What is space debris and what can humanity do about it?
[July 19, 2022: Staff Writer, The Brighter Side of News]
Artist’s impression of space debris in orbit around the Earth. (CREDIT: ESA)
What is space debris?
Space debris, is any piece of machinery, trash or junk left by humans in space.
Objects such as dead satellites or ones left in orbit at the end of their missions can fall under this category. The term can also refer to smaller items, such as flecks of paint or debris.
There are pieces of human-made debris scattered throughout the solar system as well as on the Moon.
How much debris is there in space?
Currently, there are about 2,000 active satellites orbiting Earth, but there are also 3,000 dead ones. Moreover, there are more than 34,000 pieces of space junk larger than 10 centimeters, along with millions of smaller pieces that could cause disaster if they hit something.
Rockets can release lots of little bits of debris like paint flecks when they reach space, as seen in this GoPro video. (CREDIT: GoPro)
How did the debris get into space?
The majority of space debris is caused by objects we launch from Earth that remain in orbit until their eventual re-entry into the atmosphere.
It is possible for some objects to return quickly if they are in a lower orbit of a few hundred kilometres. Many of them re-enter the atmosphere after a few years, and most of them burn up, never reaching the ground. However, debris and satellites left at higher altitudes - such as those placed in geostationary orbits for communications and weather - can remain in orbit for hundreds or even thousands of years.
Collisions or anti-satellite tests in orbit can lead to space junk. A collision between two satellites can cause thousands of pieces to break apart, creating a lot of debris. There are several countries, including the USA, China, and India, which have practiced blowing up their own satellites using missiles. Debris created by this process grows to thousands of pieces, posing a threat to the environment.
How does space debris affect space exploration?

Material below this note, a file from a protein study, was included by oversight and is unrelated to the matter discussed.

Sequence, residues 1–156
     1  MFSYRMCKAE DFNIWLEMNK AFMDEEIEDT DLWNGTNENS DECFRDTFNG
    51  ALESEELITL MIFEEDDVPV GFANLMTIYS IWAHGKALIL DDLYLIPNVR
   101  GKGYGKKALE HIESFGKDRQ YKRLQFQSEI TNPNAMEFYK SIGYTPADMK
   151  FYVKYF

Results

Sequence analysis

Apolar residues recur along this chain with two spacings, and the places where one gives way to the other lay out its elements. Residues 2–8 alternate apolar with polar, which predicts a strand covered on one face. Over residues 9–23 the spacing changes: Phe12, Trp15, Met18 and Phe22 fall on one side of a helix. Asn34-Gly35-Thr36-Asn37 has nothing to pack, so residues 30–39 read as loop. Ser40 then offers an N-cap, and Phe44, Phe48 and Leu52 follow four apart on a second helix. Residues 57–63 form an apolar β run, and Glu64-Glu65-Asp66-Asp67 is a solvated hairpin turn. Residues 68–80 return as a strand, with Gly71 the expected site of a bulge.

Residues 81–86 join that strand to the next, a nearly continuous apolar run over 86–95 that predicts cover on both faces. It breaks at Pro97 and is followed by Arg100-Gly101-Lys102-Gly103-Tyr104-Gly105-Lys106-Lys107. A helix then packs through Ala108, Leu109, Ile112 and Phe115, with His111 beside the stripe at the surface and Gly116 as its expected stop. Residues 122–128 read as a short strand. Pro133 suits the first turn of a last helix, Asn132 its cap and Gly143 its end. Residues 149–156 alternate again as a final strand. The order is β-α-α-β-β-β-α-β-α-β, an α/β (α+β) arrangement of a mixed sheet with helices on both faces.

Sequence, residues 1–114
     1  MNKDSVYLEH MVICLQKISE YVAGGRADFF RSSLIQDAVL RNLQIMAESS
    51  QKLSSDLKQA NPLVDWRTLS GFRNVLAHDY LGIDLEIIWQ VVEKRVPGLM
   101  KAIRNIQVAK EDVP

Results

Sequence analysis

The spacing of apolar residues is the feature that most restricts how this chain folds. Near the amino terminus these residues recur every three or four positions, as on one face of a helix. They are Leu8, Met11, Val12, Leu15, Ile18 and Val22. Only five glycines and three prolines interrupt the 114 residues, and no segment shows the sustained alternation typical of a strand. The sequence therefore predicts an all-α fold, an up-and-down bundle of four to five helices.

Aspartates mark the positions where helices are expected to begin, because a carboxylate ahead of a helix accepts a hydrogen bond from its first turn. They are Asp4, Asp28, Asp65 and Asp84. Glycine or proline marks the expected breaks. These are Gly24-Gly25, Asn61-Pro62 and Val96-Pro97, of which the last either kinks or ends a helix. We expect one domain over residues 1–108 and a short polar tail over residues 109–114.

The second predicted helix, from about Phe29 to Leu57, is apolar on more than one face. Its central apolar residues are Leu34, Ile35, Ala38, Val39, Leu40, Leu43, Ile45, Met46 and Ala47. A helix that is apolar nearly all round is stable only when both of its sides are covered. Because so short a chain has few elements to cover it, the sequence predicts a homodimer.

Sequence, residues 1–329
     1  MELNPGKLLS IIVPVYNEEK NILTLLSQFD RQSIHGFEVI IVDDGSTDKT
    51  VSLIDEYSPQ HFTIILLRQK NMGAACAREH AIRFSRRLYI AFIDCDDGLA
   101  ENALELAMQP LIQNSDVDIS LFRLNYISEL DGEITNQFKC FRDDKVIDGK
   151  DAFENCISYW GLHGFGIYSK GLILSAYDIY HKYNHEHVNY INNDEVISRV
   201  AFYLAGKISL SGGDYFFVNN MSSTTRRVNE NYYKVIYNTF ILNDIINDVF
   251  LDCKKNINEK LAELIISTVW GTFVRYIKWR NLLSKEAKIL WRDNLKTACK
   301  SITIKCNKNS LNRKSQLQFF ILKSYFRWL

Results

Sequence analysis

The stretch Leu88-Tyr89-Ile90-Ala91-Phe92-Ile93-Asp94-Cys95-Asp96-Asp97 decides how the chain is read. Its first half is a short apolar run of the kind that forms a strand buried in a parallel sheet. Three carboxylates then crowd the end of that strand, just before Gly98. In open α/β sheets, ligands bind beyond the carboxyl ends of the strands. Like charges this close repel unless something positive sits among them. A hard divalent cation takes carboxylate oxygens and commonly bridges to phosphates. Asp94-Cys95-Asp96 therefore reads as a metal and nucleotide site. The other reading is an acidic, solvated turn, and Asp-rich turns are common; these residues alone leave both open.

Currently, space debris doesn't pose a huge risk to our space exploration efforts. The biggest danger it poses is to other satellites in orbit.
To avoid being damaged or destroyed by the incoming space junk, satellites have to get out of the way.
In total, across all satellites, hundreds of collision avoidance manoeuvres are performed every year, including by the International Space Station (ISS), where astronauts live.
Fortunately, collisions are rare: a Chinese satellite broke up in March 2021 after a collision. Before that, the last satellite to collide and be destroyed by space junk was in 2009. The limited amount of space junk outside Earth's orbit poses no problem to deeper space exploration efforts.
How can we clean up space debris?
The United Nations ask that all companies remove their satellites from orbit within 25 years after the end of their mission. This is tricky to enforce, though, because satellites can (and often do) fail. To tackle this problem, several companies around the world have come up with novel solutions.
These include removing dead satellites from orbit and dragging them back into the atmosphere, where they will burn up. Ways we could do this include using a harpoon to grab a satellite, catching it in a huge net, using magnets to grab it, or even firing lasers to heat up the satellite, increasing its atmospheric drag so that it falls out of orbit.
In 2018, Surrey Satellite Technology's RemoveDEBRIS mission practiced grabbing a satellite with a giant net. Watch the footage from Surrey Nanosats SSC Mission Delivery Team above.
However, these methods are only useful for large satellites orbiting Earth. There isn't really a way for us to pick up smaller pieces of debris such as bits of paint and metal. We just have to wait for them to naturally re-enter Earth's atmosphere.
Does space debris ever naturally break down?
Remember when Elon Musk launched a car into space? That car’s not just peacefully drifting through a vacuum — it’s hurtling around the sun at 63,592 miles per hour, being bombarded by solar radiation. It might be in pieces, but these are not the same pieces it would be in if it were down here on Earth. That’s because the environment in space breaks down materials differently. But how long does it take to break down, and how is that car looking right about now…?
Will space debris be an ongoing problem into the future?
It could well be. Several companies are planning vast new groups of satellites, called mega constellations, that will beam internet down to Earth. These companies, which include SpaceX and Amazon, plan to launch thousands of satellites to achieve global satellite internet coverage.
If successful, there could be an additional 50,000 satellites in orbit. This also means a lot more collision avoidance manoeuvres will need to be done.
SpaceX's Starlink satellites are among several planned mega constellations of satellites (CREDIT: SpaceX (CC BY-NC 2.0), via Flickr)
By making sure that satellites are removed from orbit in a reasonable amount of time once they are no longer active, we can mitigate the problem of space junk in the future.
Earth's orbit allows us to study our planet, send communications and more. It's important that we use it sustainably, allowing future generations to enjoy its benefits, too.
For more science news stories check out our New Innovations section at The Brighter Side of News.
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